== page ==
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Common Challenges to Porting Existing Code in C to BREW : Page 3

With the rapid growth in market share for BREW, an increasing number of firms are looking to port their C-based algorithms to BREW. Read about four common challenges involved in doing so and learn how to tackle them.

Refactoring Synchronous Interfaces
Most of us come from a background where synchronous interfaces are the norm: as a developer, you call a function and wait for the results. If you're doing something with an external resource (say, the network), your application stops executing and other things happen until the remote resource provides the data I need. Not so in BREW, which is an asynchronous, cooperatively-multitasked environment. In BREW, rather than wait for an external event to occur, you register a callback that the system will invoke when the event has actually happened. For example, to read on a socket, you might write:

Static int SomeSetupFunction (CApp *pMe)
// Now that our socket's created, wait for data
  ISOCKET_Readble( pMe->pISocket, (PFNNOTIFY)DoRead, pMe );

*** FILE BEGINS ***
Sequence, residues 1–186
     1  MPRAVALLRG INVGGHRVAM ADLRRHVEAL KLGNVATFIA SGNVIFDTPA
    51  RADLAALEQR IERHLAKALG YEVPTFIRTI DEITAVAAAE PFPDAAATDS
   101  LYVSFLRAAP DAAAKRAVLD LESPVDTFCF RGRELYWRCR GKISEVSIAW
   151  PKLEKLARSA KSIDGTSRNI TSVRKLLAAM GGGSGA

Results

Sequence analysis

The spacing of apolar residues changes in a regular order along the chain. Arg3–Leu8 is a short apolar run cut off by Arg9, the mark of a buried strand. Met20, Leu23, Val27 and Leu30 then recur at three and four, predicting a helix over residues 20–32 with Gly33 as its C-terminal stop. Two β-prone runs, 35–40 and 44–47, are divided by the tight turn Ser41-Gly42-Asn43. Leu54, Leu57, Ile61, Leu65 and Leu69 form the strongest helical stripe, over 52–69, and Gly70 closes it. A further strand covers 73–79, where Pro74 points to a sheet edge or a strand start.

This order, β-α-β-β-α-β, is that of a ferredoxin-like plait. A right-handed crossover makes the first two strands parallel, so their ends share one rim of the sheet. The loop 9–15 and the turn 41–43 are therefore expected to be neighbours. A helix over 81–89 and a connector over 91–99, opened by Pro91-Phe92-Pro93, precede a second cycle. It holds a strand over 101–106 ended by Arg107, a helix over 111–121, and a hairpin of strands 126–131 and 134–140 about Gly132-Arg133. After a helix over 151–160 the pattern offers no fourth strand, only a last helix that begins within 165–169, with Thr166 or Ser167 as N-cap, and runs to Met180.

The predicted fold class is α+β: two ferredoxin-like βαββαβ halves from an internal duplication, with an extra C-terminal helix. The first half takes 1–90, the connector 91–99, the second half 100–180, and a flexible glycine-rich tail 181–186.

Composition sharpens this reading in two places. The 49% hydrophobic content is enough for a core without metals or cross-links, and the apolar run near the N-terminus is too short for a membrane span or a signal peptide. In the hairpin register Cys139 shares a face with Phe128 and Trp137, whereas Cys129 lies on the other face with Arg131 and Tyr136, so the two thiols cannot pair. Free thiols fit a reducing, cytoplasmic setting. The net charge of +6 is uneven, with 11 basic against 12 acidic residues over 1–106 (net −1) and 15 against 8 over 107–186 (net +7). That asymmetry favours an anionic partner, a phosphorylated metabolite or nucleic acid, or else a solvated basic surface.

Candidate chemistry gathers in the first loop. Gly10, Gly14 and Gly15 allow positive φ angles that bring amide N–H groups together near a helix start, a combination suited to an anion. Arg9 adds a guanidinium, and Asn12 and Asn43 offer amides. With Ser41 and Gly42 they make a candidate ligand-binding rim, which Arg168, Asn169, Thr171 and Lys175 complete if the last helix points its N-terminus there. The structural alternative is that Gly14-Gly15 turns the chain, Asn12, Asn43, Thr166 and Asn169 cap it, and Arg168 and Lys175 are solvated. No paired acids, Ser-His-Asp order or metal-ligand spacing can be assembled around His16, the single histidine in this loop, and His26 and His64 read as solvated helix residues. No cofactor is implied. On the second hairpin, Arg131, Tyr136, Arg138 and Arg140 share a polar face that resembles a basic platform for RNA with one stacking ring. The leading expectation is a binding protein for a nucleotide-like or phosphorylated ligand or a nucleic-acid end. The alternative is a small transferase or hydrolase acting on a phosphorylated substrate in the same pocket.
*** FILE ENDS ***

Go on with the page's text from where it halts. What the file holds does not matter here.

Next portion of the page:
return SUCCESS;

static void DoRead(CApp *pMe)
  int n;

    n  = ISOCKET_Read( pMe->pISocket, pMe->buffer, BSIZE );
    if ( n > 0 ) ProcessData( pMe );
  } while( n>0);
  if ( EWOULDBLOCK == n )
    // Wait for another round…
    ISOCKET_Readable( pMe->pISocket, (PNNOTIFY)DoRead, pMe );
    // Handle the error
    HandleNetError( pMe );
This code asks the ISocket interface to notify you when data's available for reading; once there's data available, you loop to read the available data until either an error occurs or there's no more data to be read. If there’s no more data, simply ask the socket to notify you again when more data is available.

Unfortunately, moving from synchronous to asynchronous events is hard. You're going to need to re-write your code, keeping in mind that it's your application's responsibility to share the processor with the rest of the system. One BREW interface that can help you do this is IThread, which lets you set up a cooperative thread of execution in your application. Using IThread, you specify a function to execute, which should relinquish the processor at regular intervals using ITHREAD_Suspend. You must schedule the thread's resumption by registering a callback and using ISHELL_Resume; the mechanism essentially gives you an easy way to encapsulate a chain of callbacks and an associated heap. While using IThread doesn't solve the fundamental problem for you, it at least provides a framework in which to work, so that you don't need to write a state machine from scratch.

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